Stockton, CA / Bilingual Weekly
Rarely a degree-conferring ceremony ends with faculty, administrators and attendees shouting “People unite for the common good”
But then again, this was Dolores Huerta’s doctorate ceremony. So not only they shouted “wo n-zambee!*” (Swahili word for “People unite for the common good”) but also performed the “UFW” clapping routine.
Yes. Nearly two hundred people gathered on Thursday, October 21, 2010, to witness civil rights activist Dolores Huerta finally getting a diploma from the institution she attended first in the late 1940’s —when it was the University of the Pacific’s Delta College— and then in the early 1950’s —when it was the College of the Pacific.
From there she went onto the San Joaquin Valley fields to teach, learning of the farm workers’ plight, finally embarking in a lifelong quest for social justice and human rights.
“Dolores Huerta is a civil rights champion who is dedicated to improving the lives of others,” said Pacific’s President Pam Eibeck, “her leadership, determination and compassion exemplify Pacific’s values and provide our students with a model of engaged citizenship.”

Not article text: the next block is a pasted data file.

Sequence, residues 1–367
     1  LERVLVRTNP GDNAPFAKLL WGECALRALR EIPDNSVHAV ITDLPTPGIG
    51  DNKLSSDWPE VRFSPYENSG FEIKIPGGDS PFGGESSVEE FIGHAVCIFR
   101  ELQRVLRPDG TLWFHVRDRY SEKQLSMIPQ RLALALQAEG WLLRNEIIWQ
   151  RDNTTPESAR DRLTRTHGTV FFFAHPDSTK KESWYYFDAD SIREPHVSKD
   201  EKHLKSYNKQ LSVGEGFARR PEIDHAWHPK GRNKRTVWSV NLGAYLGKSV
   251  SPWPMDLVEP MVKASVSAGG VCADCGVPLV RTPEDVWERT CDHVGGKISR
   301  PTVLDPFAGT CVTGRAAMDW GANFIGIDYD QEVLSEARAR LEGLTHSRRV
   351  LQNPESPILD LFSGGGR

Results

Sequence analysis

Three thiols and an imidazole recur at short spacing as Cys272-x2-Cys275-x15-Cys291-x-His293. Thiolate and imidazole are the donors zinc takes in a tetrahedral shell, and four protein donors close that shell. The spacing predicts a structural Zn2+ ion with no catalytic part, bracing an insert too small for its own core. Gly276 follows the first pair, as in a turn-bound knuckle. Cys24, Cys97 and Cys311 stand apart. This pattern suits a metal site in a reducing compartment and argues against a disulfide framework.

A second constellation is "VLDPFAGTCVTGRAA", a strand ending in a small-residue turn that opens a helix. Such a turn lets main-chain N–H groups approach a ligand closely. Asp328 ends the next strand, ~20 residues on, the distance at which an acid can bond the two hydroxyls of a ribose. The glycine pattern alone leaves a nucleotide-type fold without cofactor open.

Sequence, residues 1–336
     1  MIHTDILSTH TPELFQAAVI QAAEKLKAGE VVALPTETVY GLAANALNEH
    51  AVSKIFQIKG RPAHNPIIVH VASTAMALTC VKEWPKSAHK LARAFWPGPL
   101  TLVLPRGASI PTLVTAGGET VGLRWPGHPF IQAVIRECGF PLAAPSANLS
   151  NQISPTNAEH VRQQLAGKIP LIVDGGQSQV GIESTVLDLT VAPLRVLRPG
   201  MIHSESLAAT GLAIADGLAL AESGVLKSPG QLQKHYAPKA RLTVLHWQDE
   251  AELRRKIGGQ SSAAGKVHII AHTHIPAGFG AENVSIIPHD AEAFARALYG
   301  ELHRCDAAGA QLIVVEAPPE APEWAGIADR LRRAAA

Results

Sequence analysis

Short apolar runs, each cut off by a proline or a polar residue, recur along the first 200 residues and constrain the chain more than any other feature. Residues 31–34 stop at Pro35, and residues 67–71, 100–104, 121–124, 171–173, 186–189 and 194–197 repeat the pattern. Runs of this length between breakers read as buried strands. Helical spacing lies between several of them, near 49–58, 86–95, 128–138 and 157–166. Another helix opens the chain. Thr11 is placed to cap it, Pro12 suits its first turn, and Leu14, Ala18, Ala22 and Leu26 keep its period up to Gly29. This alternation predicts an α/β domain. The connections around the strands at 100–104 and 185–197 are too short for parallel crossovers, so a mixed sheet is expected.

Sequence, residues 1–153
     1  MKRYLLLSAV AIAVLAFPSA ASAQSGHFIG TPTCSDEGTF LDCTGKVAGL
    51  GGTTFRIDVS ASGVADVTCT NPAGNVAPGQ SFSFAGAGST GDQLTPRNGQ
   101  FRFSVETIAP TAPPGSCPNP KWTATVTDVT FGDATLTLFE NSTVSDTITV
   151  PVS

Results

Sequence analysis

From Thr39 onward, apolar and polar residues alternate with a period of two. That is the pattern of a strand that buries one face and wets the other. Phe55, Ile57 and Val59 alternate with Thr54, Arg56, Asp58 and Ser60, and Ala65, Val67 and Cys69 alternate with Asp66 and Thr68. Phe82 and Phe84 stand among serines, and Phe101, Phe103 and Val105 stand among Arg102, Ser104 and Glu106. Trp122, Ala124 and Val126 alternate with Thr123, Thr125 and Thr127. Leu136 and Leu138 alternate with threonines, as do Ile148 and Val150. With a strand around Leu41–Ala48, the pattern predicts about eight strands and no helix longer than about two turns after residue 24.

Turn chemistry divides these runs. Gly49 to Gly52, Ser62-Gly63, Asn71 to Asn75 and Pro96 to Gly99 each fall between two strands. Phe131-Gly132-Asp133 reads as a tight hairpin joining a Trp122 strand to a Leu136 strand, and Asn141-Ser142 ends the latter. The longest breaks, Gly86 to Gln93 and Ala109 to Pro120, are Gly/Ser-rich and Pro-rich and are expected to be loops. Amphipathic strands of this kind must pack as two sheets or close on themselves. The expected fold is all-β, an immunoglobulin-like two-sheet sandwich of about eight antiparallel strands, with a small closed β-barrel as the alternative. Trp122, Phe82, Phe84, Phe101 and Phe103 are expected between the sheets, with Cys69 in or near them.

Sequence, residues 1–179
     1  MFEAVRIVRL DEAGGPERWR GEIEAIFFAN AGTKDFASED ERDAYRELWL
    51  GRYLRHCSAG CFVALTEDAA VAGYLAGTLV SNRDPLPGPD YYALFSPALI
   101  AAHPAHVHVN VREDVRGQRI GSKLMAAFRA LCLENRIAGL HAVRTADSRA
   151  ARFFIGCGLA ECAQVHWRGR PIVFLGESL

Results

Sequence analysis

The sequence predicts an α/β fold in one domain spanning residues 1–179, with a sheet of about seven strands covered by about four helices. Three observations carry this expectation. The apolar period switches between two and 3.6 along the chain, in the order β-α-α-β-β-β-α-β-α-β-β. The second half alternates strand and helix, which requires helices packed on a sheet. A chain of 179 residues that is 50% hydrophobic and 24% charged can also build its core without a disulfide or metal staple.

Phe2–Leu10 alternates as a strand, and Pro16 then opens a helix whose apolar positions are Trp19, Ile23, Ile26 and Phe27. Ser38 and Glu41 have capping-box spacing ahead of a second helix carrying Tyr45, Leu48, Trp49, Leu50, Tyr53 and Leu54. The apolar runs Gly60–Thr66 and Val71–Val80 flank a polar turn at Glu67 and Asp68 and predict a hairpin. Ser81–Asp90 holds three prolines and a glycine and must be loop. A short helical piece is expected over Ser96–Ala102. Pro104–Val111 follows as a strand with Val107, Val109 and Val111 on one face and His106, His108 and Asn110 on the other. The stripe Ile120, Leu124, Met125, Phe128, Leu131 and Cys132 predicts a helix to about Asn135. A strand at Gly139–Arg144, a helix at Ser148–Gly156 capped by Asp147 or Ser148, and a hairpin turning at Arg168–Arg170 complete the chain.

Huerta —perhaps the most prominent Latina labor leader in the United States— spent most of her childhood in Stockton, rose to national prominence after co-founding the United Farm Workers (UFW) union with César Chávez and launching the 1965 Delano Grape Strike, which grew into a national boycott and led to groundbreaking legislation in California.
She currently serves as vice president emeritus of UFW and is the founder of the Dolores Huerta Foundation, which focuses on developing indigenous leadership and helping communities organize and address economic disparities in housing, education, health and employment. Huerta was inducted into the National Women’s Hall of Fame in 1993.
After the degree ceremony, Huerta attended a reception at Pacific’s Grace Covell Hall, where portraits for the Architects of Peace project were displayed. There, faculty, staff, students, friends and local activists posed with Huerta along her official portrait as Stockton’s Architect of Peace.*Not familiar with Swahili language, this is the closest the reporter could make of the word being shouted.